Pressed into service when World War II breaks out in the Pacific, the USS Walker---a Great-War vintage "four-stacker" destroyer---finds itself in full retreat from pursuit by Japanese battleships. Its captain, Lieutenant Commander Matthew Patrick Reddy, knows that he and his crew are in dire straits. In desperation, he heads Walker into a squall, hoping it will give them cover---and emerges somewhere else. Familiar landmarks appear, but the water teems with monstrous, vicious fish. And there appear to be dinosaurs grazing on the plains of Bali. Gradually Matt and his crew must accept the fact that they are in an alternate world---and they are not alone. Humans have not evolved, but two other species have. And they are at war.
With its steam power and weaponry, the Walker's very existence could alter the balance of power. And for Matt and his crew, who have the means to turn a primitive war into a genocidal Armageddon, one thing becomes clear: They must decide whose side they're on. Because whoever they choose to side with is the winner.
Battle stations! Listen to more in the Destroyermen series.
©2008 Taylor Anderson (P)2008 Tantor
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Customer Reviews

Most Helpful
4 out of 5 stars
By Simon on 07-09-15

Journey into the Unknown

Well, I'll put my hand up to being stupid. I saw the title, read the first paragraph of the blurb and thought "Great, some bog standard second world war fiction" and just spent a credit. Haven't read many simple war books recently and just fancied it.

Obviously anyone who does their research better than I did on this occasion will know before pressing play that I was in for a shock. Not at first, the opening of the book as an excellent description of a rearguard action that makes no attempt to glorify the US navy as it's aging fleet is whipped into ignomious retreat. I was very happy, a clearly knowledgeable author, good writing and Dufris is a very accomplished narrator.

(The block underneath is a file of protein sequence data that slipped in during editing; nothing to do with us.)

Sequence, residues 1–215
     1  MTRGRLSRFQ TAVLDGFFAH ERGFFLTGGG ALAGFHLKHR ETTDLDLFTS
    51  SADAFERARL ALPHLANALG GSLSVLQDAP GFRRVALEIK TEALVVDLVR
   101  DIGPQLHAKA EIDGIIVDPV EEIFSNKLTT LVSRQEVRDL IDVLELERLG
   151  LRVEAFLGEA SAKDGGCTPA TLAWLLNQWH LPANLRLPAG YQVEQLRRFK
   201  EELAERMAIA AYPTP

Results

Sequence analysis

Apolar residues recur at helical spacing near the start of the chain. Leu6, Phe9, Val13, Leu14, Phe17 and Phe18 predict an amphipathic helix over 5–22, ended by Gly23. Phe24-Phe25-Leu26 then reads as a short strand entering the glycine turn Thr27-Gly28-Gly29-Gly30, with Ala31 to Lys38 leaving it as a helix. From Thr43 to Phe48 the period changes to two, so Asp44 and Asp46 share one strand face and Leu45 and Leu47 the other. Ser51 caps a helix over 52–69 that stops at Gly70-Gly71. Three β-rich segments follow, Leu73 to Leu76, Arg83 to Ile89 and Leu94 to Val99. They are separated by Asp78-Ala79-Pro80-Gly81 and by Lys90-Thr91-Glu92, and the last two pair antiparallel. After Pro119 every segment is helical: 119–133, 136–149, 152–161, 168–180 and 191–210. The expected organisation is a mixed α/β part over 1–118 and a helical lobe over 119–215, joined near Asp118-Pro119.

But then of course things began to change, I'm sure my face was a picture as I realised my mistake . . . should I return the damn thing to Audible or should I plough on?

Well, I rarely give up on a book easily and in this case I'm very glad I didn't. Anderson outlines a richly detailed alternative Earth complete with new races of various types. There is perhaps a hint of a cliche or two in the characterisation of the races but don't be put off as the author piles much thought into how the races are motivated by their societies.

If you're open to this kind of fantasy setting and enjoy an author who will spend time on both the action and detailing the background this could well be for you. For me, it was both a genuine surprise and a pleasure. The only real reason for not giving this five stars was that I did want the action to move a little faster but that is purely personal taste.

So, maybe a little piece of patience is required but it's well worth the investment. On that subject though as this is the first in a series check out the reviews of the subsequent books which also cover the length of the narrative / pace of the action as many have opinions that might be useful.